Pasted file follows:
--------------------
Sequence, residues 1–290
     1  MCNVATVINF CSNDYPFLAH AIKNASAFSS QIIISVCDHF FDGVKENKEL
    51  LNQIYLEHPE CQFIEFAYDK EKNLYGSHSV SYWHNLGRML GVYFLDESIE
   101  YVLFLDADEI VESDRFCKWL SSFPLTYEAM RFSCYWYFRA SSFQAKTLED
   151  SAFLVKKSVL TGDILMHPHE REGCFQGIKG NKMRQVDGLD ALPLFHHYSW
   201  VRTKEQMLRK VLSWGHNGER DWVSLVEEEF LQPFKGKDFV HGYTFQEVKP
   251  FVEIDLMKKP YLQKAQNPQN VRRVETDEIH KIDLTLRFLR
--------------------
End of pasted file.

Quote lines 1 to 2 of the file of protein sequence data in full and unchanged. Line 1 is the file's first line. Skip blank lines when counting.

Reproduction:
Sequence, residues 1–290
     1  MCNVATVINF CSNDYPFLAH AIKNASAFSS QIIISVCDHF FDGVKENKEL